conjurer

EnglishEdit

 
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Alternative formsEdit

EtymologyEdit

From Anglo-Norman conjurour.

NounEdit

conjurer (plural conjurers, feminine conjuress)

  1. One who conjures, a magician.
    • July 18 2012, Scott Tobias, AV Club The Dark Knight Rises[1]
      With his crude potato-sack mask and fear-inducing toxins, The Scarecrow, a “psychopharmacologist” at an insane asylum, acts as a conjurer of nightmares, capable of turning his patients’ most terrifying anxieties against them.
    • 1594 His incivility confirms no less. Good Doctor Pinch, you are a conjurer; Establish him in his true sense again, And I will please you what you will demand. — Shakespeare, A Comedy of Errors, Act 4, Scene 4.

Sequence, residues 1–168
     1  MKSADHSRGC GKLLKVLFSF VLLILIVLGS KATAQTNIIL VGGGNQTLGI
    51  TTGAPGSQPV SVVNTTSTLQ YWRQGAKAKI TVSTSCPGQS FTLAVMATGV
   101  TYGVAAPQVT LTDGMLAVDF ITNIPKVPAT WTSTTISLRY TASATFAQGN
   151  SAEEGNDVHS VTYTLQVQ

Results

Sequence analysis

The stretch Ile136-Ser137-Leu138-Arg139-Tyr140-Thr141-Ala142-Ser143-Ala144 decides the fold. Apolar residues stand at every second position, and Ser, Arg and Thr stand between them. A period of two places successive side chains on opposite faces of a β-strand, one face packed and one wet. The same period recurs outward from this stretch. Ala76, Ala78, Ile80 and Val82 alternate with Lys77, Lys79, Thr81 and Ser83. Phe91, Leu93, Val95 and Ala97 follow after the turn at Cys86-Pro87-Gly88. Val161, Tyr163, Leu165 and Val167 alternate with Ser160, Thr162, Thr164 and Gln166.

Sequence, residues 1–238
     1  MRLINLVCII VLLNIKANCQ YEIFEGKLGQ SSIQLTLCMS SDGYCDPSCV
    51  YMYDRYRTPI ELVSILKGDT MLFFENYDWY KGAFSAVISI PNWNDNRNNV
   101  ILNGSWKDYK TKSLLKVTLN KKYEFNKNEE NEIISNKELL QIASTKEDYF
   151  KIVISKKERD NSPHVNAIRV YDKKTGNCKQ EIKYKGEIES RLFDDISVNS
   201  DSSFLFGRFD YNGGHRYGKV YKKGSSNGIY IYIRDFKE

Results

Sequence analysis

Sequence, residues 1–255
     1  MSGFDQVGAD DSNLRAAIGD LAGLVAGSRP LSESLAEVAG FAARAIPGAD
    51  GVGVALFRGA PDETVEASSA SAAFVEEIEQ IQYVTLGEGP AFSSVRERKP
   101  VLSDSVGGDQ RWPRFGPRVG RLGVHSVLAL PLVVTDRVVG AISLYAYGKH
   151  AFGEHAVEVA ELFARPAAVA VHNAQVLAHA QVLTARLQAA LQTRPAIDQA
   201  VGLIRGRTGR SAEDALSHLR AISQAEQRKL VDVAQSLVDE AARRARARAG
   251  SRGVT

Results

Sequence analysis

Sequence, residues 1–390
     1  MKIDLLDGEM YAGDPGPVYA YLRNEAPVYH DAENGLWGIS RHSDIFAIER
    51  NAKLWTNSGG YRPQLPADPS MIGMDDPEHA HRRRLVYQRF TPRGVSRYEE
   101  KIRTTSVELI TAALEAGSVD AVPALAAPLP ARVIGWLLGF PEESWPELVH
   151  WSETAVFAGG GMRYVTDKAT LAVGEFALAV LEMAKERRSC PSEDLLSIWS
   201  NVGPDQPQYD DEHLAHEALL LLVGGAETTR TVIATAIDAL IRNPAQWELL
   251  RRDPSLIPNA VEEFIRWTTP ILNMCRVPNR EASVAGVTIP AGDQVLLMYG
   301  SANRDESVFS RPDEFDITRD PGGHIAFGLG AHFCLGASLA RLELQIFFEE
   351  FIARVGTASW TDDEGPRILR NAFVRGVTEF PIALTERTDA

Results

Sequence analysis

2. One who performs parlor tricks, sleight of hand.
    • 1893 The man is by trade a conjurer and performer, going round the canteens after nightfall, and giving a little entertainment at each. — Arthur Conan Doyle, "The Adventure of the Crooked Man".
  3. One who conjures; one who calls, entreats, or charges in a solemn manner.
  4. (obsolete) One who conjectures shrewdly or judges wisely; a man of sagacity.
    (Can we find and add a quotation of Addison to this entry?)
  5. A cooking appliance comprising a pot (large or small) with a gridiron wielded beneath it, like a brazier, used for cooking methods such as broiling.

TranslationsEdit


FrenchEdit

VerbEdit

conjurer

  1. to beseech, to beg
    Je vous en conjure !
    I beseech you!
  2. to ward off
  3. to conspire, to plot, to conjure
  4. (magic) to conjure

ConjugationEdit

Further readingEdit


Old FrenchEdit

VerbEdit

conjurer

  1. to beseech, to beg

ConjugationEdit

This verb conjugates as a first-group verb ending in -er. Old French conjugation varies significantly by date and by region. The following conjugation should be treated as a guide.